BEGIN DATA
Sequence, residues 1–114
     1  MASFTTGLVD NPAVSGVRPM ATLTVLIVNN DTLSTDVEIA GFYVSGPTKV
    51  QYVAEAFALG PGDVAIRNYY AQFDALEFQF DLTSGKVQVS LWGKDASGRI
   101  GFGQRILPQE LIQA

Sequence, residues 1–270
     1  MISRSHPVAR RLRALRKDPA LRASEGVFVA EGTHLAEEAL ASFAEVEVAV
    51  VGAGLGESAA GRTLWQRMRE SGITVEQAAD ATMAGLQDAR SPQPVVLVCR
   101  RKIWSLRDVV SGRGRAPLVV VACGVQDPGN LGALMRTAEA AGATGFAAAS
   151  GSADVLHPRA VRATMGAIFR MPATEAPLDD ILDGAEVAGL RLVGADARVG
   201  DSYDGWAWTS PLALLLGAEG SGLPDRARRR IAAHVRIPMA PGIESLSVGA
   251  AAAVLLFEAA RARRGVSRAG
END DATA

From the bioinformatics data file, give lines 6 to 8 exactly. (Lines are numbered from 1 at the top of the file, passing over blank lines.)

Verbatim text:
     1  MISRSHPVAR RLRALRKDPA LRASEGVFVA EGTHLAEEAL ASFAEVEVAV
    51  VGAGLGESAA GRTLWQRMRE SGITVEQAAD ATMAGLQDAR SPQPVVLVCR
   101  RKIWSLRDVV SGRGRAPLVV VACGVQDPGN LGALMRTAEA AGATGFAAAS